ITB Friction Syndrome
What is ITB Friction Syndrome
ITB Syndrome (Iliotibial band syndrome) is one of the most common causes of “runner’s knee” pain. It is an overuse injury that presents with pain and/or tenderness on a structure that is outside the knee called the Lateral Condyle of Tibia. The Iliotibial band is a dense fibrous connective tissue or fascia that runs down the outer thigh from the hip (the Ilium) to the knee. ITB’s main function is in knee flexion, extension and stabilisation of the knee as well as hip abduction (to stop the hip and knee from buckling in).
Overuse of ITB is often caused by repetitive knee flexion and extension movements commonly seen in cyclists, runners and stair climbers. This repetitive action can cause excessive friction due to the ITB rubbing on the knee bone that it is attached to or runs on top of. Whilst ITB is not a muscle itself, there are other muscles which are attached to it such as the Tensor Fascia Latae (TFL) and the lower fibres of the Gluteus Maximus. Consequently, any weakness and/or tightness of the hip muscles, TFL or Gluteus Maximus can lead to poor biomechanics which puts a lot of stress on the ITB.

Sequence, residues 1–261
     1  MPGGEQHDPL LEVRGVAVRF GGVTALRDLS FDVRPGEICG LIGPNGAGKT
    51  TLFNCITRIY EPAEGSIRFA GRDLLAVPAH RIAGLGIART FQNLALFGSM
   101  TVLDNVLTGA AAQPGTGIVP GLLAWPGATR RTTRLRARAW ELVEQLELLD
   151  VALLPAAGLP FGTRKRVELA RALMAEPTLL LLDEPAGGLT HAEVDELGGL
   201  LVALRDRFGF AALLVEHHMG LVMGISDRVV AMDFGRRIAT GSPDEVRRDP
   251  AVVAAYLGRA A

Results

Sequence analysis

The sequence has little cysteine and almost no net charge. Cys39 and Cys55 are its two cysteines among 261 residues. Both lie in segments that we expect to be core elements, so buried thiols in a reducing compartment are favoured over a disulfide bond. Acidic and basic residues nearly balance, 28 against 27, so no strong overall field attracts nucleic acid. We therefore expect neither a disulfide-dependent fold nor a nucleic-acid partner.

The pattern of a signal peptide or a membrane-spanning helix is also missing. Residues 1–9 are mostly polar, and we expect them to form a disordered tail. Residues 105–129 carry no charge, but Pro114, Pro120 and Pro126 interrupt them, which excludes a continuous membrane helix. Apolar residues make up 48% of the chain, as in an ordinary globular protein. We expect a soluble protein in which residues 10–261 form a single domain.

Causes of ITBS Friction:
- Poor training technique
- Increasing distances run or cycling too quickly
- Shoe or orthotic issues
- Hip flexor imbalance
- Structural abnormalities
- Muscular imbalances
- Dull aching or burning sensation on the outside of the knee during movements especially when walking up stairs
- Pain starts as an awareness of slight, minor or dull pain which progressively worsens
- Activity modification to prevent further aggravation of pain
- Myotherapy treatment to address the soft tissue structures and to reset the firing pattern of the muscles in the hip to better stabilize the hip and the knee.
- Corrective Exercise to strengthen and stretch the surrounding structures.
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